Hero Call or Hero Fold After a Back-Raise?

Keith BrandtKeith Brandt Red Chipper Posts: 19 ✭✭
When you check-raise an aggressive opponent on the turn or river, you can find yourself with the grim choice between a hero call and a hero fold when he shoves over your check-raise.

Here's the situation I had:

In the first level of a satellite tournament we were all at about 100bb with our starting stacks of 5,000. There were six of us at the table for this hand. I had already classified the guy two seats to my right as a LAG.

Blinds were 25/50. In the SB I had two limpers including the LAG, and 97o in my hand. I decided to SB-complete for the 7:1 odds. BB checked. Pot 200.

The flop came 972 rainbow giving me the power hand I was playing the odds for. Being OOP in a four-way pot I made a pot-sized donk bet of 200. BB fold. Two calls. Pot 800.

The turn came an Ace that was suited to one of the flop cards. I saw this Ace as being the card I was hoping for, as it could improve one of the opponents to second-best hand. I decided I would check-raise Mr. LAG if he came out with a predictable bet. The check-raise line would probably fold out the other player, but I was trying to achieve the following goals:

- Win some additional chips from the seemingly inevitable bettor
- Avoid a multiway pot
- Establish a table captain image
- Shut down Mr. LAG

I checked. First opponent checked. Mr. LAG bet 600. I raised 2,000. First opponent folds. Mr. LAG shoves. I tank.

My first thought was: "He's got to know I have something better than a pair of Nines, and that it might even have improved with the turned Ace. Yet he was willing to bet his tournament life that he's got me beat."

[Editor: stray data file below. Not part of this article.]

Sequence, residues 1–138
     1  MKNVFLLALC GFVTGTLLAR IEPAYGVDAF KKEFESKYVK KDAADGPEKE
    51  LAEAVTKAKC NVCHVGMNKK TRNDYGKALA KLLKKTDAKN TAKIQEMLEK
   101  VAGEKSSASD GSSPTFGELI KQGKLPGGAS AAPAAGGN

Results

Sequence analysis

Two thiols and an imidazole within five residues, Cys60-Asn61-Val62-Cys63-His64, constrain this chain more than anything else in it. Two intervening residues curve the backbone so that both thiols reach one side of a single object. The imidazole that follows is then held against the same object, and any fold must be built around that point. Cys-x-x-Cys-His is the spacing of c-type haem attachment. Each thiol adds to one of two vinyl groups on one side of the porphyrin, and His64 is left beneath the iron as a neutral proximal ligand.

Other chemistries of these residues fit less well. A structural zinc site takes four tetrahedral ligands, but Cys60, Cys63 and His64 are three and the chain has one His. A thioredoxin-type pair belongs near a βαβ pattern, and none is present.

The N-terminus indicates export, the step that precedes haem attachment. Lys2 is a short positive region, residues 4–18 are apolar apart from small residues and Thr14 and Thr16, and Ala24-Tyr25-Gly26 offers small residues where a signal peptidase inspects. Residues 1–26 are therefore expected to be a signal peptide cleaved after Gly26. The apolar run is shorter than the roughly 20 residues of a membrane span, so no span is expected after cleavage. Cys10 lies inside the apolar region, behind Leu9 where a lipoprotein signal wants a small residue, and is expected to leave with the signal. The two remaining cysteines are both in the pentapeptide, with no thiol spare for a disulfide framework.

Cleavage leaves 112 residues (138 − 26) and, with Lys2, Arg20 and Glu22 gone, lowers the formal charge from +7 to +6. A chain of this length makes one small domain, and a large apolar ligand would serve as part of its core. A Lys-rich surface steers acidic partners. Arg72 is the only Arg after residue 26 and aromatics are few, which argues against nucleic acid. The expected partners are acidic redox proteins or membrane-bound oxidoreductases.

He may have picked up a better 2P with A9, or even with A7 or A4. He may have slow-played a set on the flop. With the preflop limp and the call on the flop, I figured he capped his range. So given the shove, TT+, AQ+ was probably not there. Even though he was a LAG, I didn't have enough information to know if he was a maniac. I really didn't know if AJ, AT were something he would bet his tournament life on. The lower Ace holdings that weren't 2P seemed very unlikely.

At the time I didn't know what the equities were if he held AJ, AT. My gut told me it was close if that were the case. But I knew that if he weren't betting his tournament life on AJ, AT, that I was crushed. So I had the following two unhappy options:

- Hero call
- Hero fold

I opted to disgustedly fold, lick my wounds, and fight another day. I was out within 10 minutes when I got Aces cracked.

Flopzilla, like any computer tool, is garbage in = garbage out.

Here are screenshots of Flopzilla that give two ways of analyzing this situation given the report above. In the first screenshot I made the turned Ace offsuit, to show that even with no draw for Mr. LAG, I was crushed. In the other screenshot I weighted the possibility of AJ, AT at 50% because I simply didn't know one way or the other if these holdings were possible given the action and runout.

Which do you think is right? Are both garbage in resulting in garbage out?

Crushed 2P
8lg18f9tmg8v.png


Non-crushed 2P with AJ, AT weighted at 50%
ui9ls03akfz2.png



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